I think shaping is incredibly powerful and any trainer can benefit from practicing and experimenting with shaping. That said, it is a skill, and takes practice for both trainer and animal to become proficient with it.
Many horse trainers who are new to clicker training seem to prefer using targeting to get behavior, rather than free shaping. I think it can be intimidating to free shape a 1000 lb animal, especially if you aren’t completely sure about what you are doing. The horses also seem to really enjoy targeting, though.
Nancy Ripperger ,
I like shaping a lot but sometimes I do not have the patience that is required for shaping and will speed the process along with a little luring. Even when luring I use a clicker or verbal marker. I have had some fosters that were very intimidated by shaping and I switched more to luring, at least until they developed more confidence.
Marge Rogers ,
Good question. As you can tell from my videos, I am a shaping junkie. I have learned so much from my dogs. Shaping has opened up a level of communication that I previously did not believe possible. Shaping requires keen observation skills on the part of the shaper. You learn to watch for little nuances, movements &/or body language cues you may never noticed before. When I am shaping a behavior, I take all responsibility for the animal’s progress. It is never the animal’s “fault” for not progressing in training. It’s my responsibility to explain the behavior better. After all, I’m the one with the bigger brain and the thumbs, right? I mean, if they can shape a pigeon to push a bar, a whale to jump over a stick, an oscar fish to swim through a hoop, surely I can use shaping to teach my dog to sit (or dust the coffee table). 🙂 Once I came to realization that ALL training progress (or lack of it) is my responsibility, I switched to problem solving mode (vs blaming the dog mode). It’s opened up a whole new world for me and a new level of communication with my dogs.
Shaping vs. luring: I think they both have their place. I believe the research shows that shaping and luring are equal in terms of learning and retention. As much as we shaping junkies would like to believe otherwise, the research doesn’t support our anecdotal experiences. I LOVE shaping, but will lure if the situation warrants. Give it a try. You’ll be surprised what you can accomplish. 🙂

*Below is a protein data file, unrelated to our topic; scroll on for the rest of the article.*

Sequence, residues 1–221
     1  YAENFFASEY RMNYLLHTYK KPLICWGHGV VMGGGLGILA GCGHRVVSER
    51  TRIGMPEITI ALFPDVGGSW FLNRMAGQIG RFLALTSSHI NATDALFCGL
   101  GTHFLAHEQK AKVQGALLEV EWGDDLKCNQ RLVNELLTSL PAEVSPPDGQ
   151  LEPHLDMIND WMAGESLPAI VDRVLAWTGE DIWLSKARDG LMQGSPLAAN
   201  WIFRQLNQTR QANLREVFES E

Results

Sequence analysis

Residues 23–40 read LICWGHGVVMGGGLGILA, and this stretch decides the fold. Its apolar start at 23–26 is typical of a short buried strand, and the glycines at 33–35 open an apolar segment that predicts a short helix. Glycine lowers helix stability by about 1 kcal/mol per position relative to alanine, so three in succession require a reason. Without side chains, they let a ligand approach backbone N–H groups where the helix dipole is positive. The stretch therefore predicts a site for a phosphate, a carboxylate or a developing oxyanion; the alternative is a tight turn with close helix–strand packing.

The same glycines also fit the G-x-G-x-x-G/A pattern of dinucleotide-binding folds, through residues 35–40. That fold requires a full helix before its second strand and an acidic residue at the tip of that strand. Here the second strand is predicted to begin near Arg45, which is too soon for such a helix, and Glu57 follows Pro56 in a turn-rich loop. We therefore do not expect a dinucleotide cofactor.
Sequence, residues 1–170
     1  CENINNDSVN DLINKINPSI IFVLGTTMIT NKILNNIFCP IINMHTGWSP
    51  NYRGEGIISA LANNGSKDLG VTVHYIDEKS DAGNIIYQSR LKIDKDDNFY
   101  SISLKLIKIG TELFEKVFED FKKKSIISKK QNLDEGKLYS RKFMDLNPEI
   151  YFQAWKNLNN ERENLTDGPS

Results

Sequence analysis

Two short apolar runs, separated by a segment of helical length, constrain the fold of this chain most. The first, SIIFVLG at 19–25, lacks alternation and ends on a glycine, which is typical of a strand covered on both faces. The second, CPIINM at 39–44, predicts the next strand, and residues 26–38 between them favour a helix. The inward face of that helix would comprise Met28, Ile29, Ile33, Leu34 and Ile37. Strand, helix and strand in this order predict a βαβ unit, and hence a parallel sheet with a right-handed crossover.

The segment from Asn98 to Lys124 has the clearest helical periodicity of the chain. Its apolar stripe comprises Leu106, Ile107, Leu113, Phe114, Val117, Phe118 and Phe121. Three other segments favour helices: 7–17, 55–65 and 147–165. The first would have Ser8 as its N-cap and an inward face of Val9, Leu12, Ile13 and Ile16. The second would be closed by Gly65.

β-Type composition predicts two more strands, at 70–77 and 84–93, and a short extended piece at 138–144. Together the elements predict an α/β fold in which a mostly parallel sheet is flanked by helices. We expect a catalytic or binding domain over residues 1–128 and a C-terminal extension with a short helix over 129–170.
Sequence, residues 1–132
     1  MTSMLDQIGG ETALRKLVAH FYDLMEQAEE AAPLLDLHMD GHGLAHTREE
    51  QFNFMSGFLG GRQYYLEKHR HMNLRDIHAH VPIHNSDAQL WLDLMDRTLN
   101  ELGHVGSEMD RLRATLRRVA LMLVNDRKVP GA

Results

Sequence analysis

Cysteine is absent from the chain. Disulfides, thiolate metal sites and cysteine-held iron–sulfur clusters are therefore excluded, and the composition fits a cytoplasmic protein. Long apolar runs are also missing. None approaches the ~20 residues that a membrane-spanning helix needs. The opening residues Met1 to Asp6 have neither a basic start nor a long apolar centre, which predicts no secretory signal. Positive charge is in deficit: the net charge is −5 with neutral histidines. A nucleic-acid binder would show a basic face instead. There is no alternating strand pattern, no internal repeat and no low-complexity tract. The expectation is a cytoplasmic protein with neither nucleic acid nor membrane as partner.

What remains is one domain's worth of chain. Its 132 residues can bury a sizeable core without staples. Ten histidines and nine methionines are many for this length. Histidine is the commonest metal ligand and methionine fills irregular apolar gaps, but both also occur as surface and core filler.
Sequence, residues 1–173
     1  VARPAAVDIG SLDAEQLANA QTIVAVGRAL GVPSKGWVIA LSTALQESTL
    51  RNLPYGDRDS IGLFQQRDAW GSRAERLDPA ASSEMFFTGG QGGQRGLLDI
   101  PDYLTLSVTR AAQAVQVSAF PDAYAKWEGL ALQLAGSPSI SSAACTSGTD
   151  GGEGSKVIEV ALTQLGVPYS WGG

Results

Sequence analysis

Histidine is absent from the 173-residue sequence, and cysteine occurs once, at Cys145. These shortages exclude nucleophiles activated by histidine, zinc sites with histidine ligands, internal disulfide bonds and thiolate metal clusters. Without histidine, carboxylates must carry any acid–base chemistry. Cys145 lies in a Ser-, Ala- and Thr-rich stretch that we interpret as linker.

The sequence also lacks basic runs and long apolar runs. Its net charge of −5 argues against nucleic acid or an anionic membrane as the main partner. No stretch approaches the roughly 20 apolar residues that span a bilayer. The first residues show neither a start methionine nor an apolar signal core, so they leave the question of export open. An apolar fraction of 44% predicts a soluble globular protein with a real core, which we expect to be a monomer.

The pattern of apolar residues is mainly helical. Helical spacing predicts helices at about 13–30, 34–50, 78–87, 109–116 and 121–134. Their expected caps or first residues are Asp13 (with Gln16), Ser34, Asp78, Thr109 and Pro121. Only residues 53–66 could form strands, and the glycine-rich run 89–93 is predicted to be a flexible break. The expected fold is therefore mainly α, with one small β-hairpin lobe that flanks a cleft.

Marge: Could you guide me to the research made on luring vs. shaping? I haven’t seen any research of that kind and I would love to see it. I love science based training, but you must never buy what research says until you know exactly what they have researched.
Marge Rogers ,
Good point about the research. I was just rereading Pamela Reid’s “Excel-erated Learning” when I posted my comments. When contrasting prompting and shaping (p.141), she says, “The dog will not learn any differently than if you had shaped the behavior. Some people are under the impression that shaped responses are learned ‘better’ or retained longer than prompted responses. There is absolutely no evidence to support this view.” I was trying to summarize that statement in comments. I hope I did not mislead. Also, my comment on “give it a try” comes right after my statement on luring. I intended to say “give shaping a try.” That’s what I get for commented late at night. 🙂 If I wasn’t clear above – I love shaping. We shape dogs all the time, whether we know it or not. 🙂
Sorry I have come to this discussion a little late. I think the real issue between shaping Vs luring is as Susan Garrett says. With luring the value stays with the lure and never transfers to the behaviour. Shaping encourages the dog to see value in the behaviour, so from my point of view I want to see my dogs enjoying the learning process and loving to perform a behaviour rather than totally focusing on the lure. I have seen so many dogs in classes whose handlers complain that they will do nothing unless they can see the lure.